In commemoration of the 50th anniversary of Dr. Xu Jingbin' s medical career


In commemoration of the 50th anniversary of Dr. Xu Jingbin' s medical career


Note from Wei: Mr. Xu Jingbin, a leading authority in Chinese orthopedics, was my father's mentor in the field. During Mr. Xu's lifetime, my dad collaborated with other disciples of Mr. Xu to organize a '50-Year Medical Career Commemoration for Xu Jingbin.' They published a special issue in 'Southern Anhui Medical Journal.' Below is a compilation of relevant information to honor this highly respected and esteemed expert.

a group photo taken in 1973 at the Orthopedic Training Course

In the back two rows are the 'Nine Great Warriors.' In the middle row, on the far right, is Li Mingjie. In the front row are three teachers: On the left is Yuan Sizhong from the regional hospital, who was the class adviser; Mr. Xu is in the center, and to his right is Director Zhang Kan from Yijishan Hospital.

Old Steed Rests in the Stable, a Model in White Coat

— Congratulating Professor Xu Jingbin, a Renowned Orthopedic Expert in China, on His 50 Years in Medicine

To adapt to the favorable conditions of current reforms and openness, and to promote academic exchange and strengthen friendly interactions between orthopedic peers in this region and across the nation, the Wuhu Branch of the Chinese Medical Society hosted this academic seminar. The conference specifically addressed prevalent issues in contemporary orthopedic clinical practice, such as trauma and fractures; internal fixation and non-union; fractures of the femoral neck; microsurgery; spinal canal disorders; and cervical spondylosis. Selected papers that are clinically advanced and practical are published in this supplementary issue of the Southern Anhui Medical College Journal.

In this beautiful season when the spring winds are greening the southern banks of the Yangtze River, and orthopedic peers are gathering in Wannan, it also marks the 50th anniversary of Professor Xu Jingbin's medical career. A renowned orthopedic expert, he has spent decades diligently employing his superb skills to treat numerous patients, alleviating their pain. He has cultivated a large number of skilled clinicians in orthopedics for the party and the people. Using this opportunity to hold an academic celebration that's quite different and meaningful is indeed significant.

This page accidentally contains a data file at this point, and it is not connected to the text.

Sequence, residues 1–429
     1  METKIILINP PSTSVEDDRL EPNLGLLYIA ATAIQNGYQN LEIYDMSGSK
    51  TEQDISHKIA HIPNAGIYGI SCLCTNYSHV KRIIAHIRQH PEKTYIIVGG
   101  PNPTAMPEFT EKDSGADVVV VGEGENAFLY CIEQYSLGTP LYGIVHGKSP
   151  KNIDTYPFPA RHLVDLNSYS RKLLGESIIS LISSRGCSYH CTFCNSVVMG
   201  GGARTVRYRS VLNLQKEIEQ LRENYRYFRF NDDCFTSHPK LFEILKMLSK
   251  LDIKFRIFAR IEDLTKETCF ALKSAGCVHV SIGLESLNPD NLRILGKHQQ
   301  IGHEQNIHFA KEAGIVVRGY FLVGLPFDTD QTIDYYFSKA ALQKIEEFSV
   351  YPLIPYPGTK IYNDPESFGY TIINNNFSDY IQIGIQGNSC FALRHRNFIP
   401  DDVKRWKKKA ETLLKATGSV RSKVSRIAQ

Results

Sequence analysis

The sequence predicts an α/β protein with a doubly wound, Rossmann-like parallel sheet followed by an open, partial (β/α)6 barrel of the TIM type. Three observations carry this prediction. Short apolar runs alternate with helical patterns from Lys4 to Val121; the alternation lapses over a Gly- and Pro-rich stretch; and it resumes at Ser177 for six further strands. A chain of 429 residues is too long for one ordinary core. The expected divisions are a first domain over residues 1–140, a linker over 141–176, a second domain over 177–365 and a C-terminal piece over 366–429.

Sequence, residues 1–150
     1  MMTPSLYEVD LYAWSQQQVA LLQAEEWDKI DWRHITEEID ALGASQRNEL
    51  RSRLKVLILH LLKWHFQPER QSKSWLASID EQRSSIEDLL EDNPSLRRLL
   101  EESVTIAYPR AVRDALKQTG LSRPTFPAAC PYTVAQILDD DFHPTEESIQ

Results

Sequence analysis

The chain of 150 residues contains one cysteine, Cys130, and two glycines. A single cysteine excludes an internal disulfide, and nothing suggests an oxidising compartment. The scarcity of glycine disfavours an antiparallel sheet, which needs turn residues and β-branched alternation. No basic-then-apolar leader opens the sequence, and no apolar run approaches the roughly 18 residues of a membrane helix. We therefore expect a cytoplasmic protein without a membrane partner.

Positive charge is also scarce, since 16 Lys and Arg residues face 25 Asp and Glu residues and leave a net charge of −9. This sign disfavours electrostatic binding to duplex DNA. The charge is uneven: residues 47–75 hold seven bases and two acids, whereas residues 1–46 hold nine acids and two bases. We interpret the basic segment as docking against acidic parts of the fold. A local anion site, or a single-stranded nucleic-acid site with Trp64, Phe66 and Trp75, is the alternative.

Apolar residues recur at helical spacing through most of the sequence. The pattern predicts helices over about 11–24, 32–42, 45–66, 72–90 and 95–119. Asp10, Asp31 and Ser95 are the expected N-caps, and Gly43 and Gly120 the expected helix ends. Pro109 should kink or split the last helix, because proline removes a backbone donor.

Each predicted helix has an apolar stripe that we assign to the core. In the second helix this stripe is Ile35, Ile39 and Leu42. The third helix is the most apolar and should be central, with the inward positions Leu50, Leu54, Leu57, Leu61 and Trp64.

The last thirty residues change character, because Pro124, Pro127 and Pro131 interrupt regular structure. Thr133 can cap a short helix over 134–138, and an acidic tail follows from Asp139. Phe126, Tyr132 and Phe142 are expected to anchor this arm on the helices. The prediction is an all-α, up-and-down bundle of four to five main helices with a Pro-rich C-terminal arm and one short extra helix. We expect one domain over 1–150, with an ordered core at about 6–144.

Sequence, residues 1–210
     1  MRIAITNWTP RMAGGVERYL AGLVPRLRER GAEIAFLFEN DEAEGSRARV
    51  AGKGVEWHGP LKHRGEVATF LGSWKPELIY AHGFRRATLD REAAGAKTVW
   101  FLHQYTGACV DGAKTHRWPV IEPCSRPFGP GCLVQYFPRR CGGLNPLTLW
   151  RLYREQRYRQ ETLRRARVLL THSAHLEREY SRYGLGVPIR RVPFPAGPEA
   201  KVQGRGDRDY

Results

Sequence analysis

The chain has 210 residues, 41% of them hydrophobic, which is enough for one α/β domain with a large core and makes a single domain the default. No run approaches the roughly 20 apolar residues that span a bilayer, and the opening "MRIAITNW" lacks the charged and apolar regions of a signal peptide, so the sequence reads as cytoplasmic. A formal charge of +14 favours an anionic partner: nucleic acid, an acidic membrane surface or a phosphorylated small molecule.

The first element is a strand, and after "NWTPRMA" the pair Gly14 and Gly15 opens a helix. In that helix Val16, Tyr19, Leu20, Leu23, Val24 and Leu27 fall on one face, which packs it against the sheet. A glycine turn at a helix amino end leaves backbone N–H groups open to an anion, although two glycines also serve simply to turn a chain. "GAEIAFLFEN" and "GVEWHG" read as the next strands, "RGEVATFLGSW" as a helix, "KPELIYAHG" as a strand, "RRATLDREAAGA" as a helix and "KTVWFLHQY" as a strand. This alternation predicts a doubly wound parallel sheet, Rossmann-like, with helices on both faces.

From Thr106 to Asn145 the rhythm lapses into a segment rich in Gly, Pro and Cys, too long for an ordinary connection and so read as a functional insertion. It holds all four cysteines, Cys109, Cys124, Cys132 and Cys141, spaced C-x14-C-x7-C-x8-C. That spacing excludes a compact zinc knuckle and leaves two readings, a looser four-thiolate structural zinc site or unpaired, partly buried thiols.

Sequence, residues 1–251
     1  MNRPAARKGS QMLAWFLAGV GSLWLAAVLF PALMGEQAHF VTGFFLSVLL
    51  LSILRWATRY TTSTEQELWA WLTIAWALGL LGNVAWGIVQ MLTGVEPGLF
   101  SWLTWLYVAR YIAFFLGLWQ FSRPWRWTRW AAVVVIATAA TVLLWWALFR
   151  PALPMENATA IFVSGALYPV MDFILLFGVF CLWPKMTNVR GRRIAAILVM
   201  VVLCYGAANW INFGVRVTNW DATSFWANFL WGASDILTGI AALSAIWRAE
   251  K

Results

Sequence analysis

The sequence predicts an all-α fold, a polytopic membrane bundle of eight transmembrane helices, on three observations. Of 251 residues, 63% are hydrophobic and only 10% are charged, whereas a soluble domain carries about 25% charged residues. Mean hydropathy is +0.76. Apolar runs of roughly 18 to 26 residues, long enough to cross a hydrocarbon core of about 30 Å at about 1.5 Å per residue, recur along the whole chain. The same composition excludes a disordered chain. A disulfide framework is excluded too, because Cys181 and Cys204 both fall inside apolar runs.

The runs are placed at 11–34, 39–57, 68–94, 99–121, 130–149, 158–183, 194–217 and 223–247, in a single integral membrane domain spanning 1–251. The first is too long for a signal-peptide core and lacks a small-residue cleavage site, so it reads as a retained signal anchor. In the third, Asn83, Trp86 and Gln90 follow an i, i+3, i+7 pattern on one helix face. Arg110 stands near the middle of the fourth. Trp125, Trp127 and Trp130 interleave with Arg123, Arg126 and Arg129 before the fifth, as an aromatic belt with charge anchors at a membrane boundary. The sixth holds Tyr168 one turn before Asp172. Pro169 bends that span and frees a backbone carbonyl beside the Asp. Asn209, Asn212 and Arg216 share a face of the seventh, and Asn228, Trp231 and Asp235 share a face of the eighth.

Xu Jingbin was born in 1919 in Jiujiang, Jiangxi Province. He graduated from the National Xiangya Medical College in Hunan in 1944. In 1948, he served as the attending physician in orthopedics and surgery at the former Central Hospital; in 1951, he led the surgical team in the Volunteer Army aiding Korea against America. From 1953 until now, he has been the head of the orthopedic department at the PLA Nanjing 81 Hospital. In the early 1950s, he was among the first in the military region and Jiangsu Province to perform lumbar disc herniation removal and debridement for bone and joint tuberculosis. In the 1960s, he introduced the practice of using large amounts of tap water to irrigate severe open wounds, reducing the infection rate to 0.4%. He was the first to report artificial femoral head replacement and occipital-cervical fusion in domestic literature. In the 1980s, he invented a device for treating non-unions, treating hundreds of non-union patients. This non-surgical method has been widely used in hospitals nationwide. In 1986, he was invited to lecture at Columbia University, the New York Orthopedic Center, and the Electrobiology Research Institute in New Jersey, bringing honor to his homeland.

In recent years, through clinical practice, he has innovatively designed many surgical instruments and internal fixation materials. For example, he created a compressive cannulated screw system for treating femoral neck fractures and external fixators for bone drilling, allowing patients to get out of bed and resume activities sooner, thereby avoiding the various complications associated with prolonged bed rest.

Over the past 50 years, he has served everywhere from the military to local communities, from cities to rural areas, and from military camps to factories and mines. In the operating room, under the surgical lights, he's used his scalpel to fight disease and defy death, successfully completing over 3,000 lumbar disc herniation removal surgeries alone. His noble medical ethics, superb skills, and selfless contributions are worthy of our admiration and learning.